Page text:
In May, the U.S. Food and Drug Administration (FDA) approved denosumab (Prolia) for treating glucocorticoid-induced osteoporosis (GIOP) in adult men and women with a high risk of fracture.1 High fracture risk is defined as a history of osteoporotic fracture, multiple risk factors for fracture or patients who have failed or are intolerant to other available osteoporosis therapy. This FDA approval is based on data that showed adult patients receiving glucocorticoids who also received denosumab had greater increases in bone mineral density (BMD) than patients who received risedronate as an active comparator.2
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The study was a phase 3, 12-month primary analysis of a 24-month randomized, double-blind, double-dummy, active-controlled study (N=795). The efficacy and safety of 60 mg subcutaneous denosumab given every six months was compared with 5 mg oral risedronate given once daily. Patients also received at least 7.5 mg/day of oral prednisone (or equivalent). The study included two patient groups. Patients in the glucocorticoid-initiating group were receiving glucocorticoid treatment for less than three months prior to the study and were planning to receive glucocorticoids for at least six months. Patients in the glucocorticoid-continuing group were receiving glucocorticoids for a minimum of three months prior to the study and were planning to receive glucocorticoids for at least six months.
In the glucocorticoid-continuing group, denosumab treatment showed a significantly greater lumbar spine BMD increase than the risedronate-treated patients at Year 1 (3.8% vs. 0.8%, respectively). The treatment difference was 2.9% (P<0.001). Additionally, in the glucocorticoid-initiating group, denosumab treatment showed a significantly greater lumbar spine BMD increase vs. risedronate-treated patients at Year 1 (4.4% vs. 2.3%, respectively). The treatment difference was 2.2% (P<0.001). The effects on the lumbar spine BMD were consistent without regard to patient gender, race, geographic region, menopausal status, baseline age, lumbar spine BMD T score and/or glucocorticoid dose within the groups.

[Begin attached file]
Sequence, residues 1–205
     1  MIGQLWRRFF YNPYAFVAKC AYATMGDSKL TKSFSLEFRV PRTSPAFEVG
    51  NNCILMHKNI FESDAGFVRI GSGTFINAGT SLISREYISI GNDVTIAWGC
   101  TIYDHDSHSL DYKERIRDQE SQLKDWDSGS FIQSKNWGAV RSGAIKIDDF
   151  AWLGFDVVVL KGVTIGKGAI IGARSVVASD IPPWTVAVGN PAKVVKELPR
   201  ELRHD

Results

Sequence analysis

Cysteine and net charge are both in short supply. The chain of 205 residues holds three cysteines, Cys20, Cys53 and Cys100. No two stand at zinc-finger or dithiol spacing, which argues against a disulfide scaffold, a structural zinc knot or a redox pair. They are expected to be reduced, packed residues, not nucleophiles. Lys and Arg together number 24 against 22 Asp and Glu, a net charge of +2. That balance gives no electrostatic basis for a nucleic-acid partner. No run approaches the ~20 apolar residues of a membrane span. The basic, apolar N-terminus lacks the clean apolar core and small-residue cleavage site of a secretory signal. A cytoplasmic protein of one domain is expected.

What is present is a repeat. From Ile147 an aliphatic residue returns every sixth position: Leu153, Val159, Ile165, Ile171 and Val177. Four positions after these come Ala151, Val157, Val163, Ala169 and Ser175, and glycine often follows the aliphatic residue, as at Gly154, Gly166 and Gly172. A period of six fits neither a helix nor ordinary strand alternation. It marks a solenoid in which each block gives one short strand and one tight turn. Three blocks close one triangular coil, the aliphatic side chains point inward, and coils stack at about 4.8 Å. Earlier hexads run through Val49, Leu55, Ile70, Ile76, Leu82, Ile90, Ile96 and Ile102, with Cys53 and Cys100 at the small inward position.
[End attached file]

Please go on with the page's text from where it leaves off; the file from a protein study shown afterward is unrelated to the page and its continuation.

During the study, no new safety signals were identified. The most common adverse reactions were back pain, bronchitis, headache and hypertension. Atypical femoral fracture was reported in one denosumab-treated patient. No cases of osteonecrosis of the jaw were reported. Serious infections were reported in 3.9% (n=15) of risedronate-treated patients and 4.3% (n= 17) of denosumab-treated patients. Dermal and epidermal dermal adverse events, such as dermatitis, eczema and rashes, were reported in 4.2% (n=16) of risedronate-treated patients and 3.8% (n=15) of denosumab-treated patients.
Michele B. Kaufman, PharmD, BCGP, is a freelance medical writer based in New York City and a pharmacist at New York Presbyterian Lower Manhattan Hospital.